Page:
Listen to Sermon Audio
In the old days, about the only method used to bring about what we today call ‘church revitalization’ was the old fashioned revival.
In one town, three churches sponsored a joint revival. After it was over, the three pastors met for coffee to discuss the results.
The Methodist pastor said, “The revival worked out great for us! We gained four new families.”
The Baptist preacher said, “We did better than that! We gained six new families.”
The Presbyterian minister said with a sly grin, “We did even better than that! We got rid of our ten biggest troublemakers!”
Jesus is the architect of church revitalization because He is the architect of His Church!
The great Apostle Paul testifies of Him in his letter to the Ephesians: “He is far above any ruler or authority or power or leader or anything else; not only in this world but also in the world to come. God has put all things under the authority of Christ and has made Him head over all things for the benefit of the church. And the church is His body; it is made full and complete by Christ, who fills all things everywhere with Himself” (Ephesians 1:21-23).
When it comes to church revitalization, Jesus is the champion, the cheerleader, the chief executive, and the head coach. He is the Creator, Savior, and Sustainer of His Church and because He is He has a vision for His Church to be the very best it can be! As evidenced in the letters to the seven churches of Revelation 2 and 3, where His major thrust is revitalizing those local congregations: to set right what is broken, to rebuke what is false, and to give new life to what is dying; in other words to revitalize!
And I believe Revelation 3:2 serves not only as an apt summary of all seven
Thus the need for any church to accept the challenge to not be satisfied with the status quo but rather to take an honest look at what has been, what is, thank God for where we have been and move into the future looking for areas to strengthen!
But let’s be clear here that when we speak of church revitalization we are not speaking primarily of changing our church beliefs or values, crafting a new vision or mission or purpose statement, setting new goals for 2019, some new program of the church or some new-fangled process of ministry (although revitalization may in the end involve tweaks to any or all of those parameters).
No, just to be clear, when we speak of church revitalization the emphasis is on the word church, that is the people that make up the church. So we are primarily speaking of people revitalization. In other words, the church will only be revitalized as its people are revitalized!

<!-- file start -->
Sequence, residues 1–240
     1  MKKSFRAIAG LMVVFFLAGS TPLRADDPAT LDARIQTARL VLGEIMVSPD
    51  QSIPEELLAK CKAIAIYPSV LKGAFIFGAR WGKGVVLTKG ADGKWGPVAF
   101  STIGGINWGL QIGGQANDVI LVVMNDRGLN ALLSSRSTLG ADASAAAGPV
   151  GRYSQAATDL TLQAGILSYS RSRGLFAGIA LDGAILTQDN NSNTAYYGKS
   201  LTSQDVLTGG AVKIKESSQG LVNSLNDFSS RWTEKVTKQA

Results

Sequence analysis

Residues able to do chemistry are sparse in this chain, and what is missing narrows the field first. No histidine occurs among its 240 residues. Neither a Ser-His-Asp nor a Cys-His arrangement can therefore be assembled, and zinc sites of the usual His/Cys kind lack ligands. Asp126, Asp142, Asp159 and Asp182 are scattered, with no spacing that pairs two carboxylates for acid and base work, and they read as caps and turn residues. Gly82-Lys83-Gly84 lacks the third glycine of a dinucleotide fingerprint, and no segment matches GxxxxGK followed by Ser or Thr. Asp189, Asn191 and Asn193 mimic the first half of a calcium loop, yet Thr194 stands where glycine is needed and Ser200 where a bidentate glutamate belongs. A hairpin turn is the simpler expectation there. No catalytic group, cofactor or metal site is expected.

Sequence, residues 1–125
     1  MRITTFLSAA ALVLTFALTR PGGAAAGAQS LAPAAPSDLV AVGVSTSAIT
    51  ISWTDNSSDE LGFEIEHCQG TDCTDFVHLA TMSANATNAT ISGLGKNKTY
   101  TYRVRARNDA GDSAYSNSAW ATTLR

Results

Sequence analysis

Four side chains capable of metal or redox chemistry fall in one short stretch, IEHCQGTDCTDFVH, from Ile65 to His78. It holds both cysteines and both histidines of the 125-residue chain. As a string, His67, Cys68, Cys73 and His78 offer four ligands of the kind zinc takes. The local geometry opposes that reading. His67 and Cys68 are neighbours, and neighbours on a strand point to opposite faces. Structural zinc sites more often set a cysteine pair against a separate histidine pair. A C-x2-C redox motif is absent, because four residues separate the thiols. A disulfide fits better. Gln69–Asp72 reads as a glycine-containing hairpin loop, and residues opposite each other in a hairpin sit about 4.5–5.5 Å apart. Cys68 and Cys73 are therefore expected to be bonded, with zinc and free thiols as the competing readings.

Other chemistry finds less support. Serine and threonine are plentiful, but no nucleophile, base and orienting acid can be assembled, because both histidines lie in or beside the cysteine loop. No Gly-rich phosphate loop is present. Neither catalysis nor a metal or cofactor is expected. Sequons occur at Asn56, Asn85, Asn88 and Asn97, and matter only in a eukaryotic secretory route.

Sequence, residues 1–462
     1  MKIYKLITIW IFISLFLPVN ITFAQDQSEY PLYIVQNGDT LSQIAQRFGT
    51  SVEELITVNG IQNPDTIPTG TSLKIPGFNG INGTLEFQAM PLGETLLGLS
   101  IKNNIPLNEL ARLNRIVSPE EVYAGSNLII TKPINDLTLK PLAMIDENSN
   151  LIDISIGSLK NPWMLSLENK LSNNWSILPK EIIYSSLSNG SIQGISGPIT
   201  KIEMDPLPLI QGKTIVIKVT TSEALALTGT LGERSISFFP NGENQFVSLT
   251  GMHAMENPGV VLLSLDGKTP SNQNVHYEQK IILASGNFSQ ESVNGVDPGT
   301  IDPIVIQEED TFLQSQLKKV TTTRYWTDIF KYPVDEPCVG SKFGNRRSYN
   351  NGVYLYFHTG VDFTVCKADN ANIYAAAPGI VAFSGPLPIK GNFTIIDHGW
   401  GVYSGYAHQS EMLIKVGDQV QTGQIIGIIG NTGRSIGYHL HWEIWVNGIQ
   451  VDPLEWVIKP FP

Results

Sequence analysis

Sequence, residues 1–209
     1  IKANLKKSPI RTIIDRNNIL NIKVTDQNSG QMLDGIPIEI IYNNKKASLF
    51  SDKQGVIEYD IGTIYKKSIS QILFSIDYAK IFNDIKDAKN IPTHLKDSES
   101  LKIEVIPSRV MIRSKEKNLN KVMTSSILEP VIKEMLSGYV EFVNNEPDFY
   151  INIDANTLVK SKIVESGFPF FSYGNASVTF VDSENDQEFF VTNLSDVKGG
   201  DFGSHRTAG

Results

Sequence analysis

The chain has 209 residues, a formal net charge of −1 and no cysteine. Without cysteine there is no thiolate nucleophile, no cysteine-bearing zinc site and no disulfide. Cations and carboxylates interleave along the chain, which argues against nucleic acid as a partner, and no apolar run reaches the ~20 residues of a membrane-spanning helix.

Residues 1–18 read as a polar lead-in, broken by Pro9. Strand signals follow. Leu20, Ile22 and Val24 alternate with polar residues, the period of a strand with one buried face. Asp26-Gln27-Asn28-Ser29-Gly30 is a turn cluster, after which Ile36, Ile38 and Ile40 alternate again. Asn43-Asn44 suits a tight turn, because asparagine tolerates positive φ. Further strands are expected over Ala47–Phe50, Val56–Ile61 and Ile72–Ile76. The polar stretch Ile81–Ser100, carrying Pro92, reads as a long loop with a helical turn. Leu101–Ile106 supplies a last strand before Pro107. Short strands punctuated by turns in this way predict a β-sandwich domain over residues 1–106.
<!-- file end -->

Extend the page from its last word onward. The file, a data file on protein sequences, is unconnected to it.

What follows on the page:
That’s what the seven letters to the seven churches are all about.
To the church at Ephesus: “You don’t love me or each other as you did at first. Look how far you have fallen. Turn back to me and do the works you did at first” (2:4b-5a).
To the church at Smyrna: “Remain faithful even when facing death” (2:10).
To the church at Pergamum: “repent of your sin” (2:16).
To the church at Thyatira: “obey Me to the very end” (2:26).
To the church at Sardis: “Repent and turn to Me again” (3:3)
To the church at Philadelphia: “Hold on to what you have” (3:11).
To the church at Laodicea: “Be diligent and turn from your indifference” (3:19).
Church revitalization involves the people of God being strengthened; “strengthen what remains” (3:2).
According to Revelation, the church will be revitalized as its people are strengthened in their love for one another (2:4b-5a), in their commitment, dedication
The church will be revitalized as its people grow in their faith and knowledge of Christ, gain a new appreciation for the church as the body of Christ, and therefore rededicate themselves to serving the Lord Jesus in and through His Church, which is His Body!
Saturday morning, I went to the Medina Rec Center to watch my granddaughter, Kate’s swimming lesson.
Boy does that girl have a mean backstroke. When we were leaving we ran into Jim and Gale Arthur who were there to walk around the track. And as I was driving home, I thought Jim and Gale went to the Rec Center to get in better shape. I was there to sit and watch. A lot of good that did me. And I need it because I’ve gotten a little soft and flabby.
It’s time for us to think about going to the gym to ‘strengthen what remains.’
Is it true that some of us have gotten soft and flabby because we have become lackadaisical about our faith? We need to step on God’s scales and weigh our Christian lives and compare our weight to what it was last year at this time.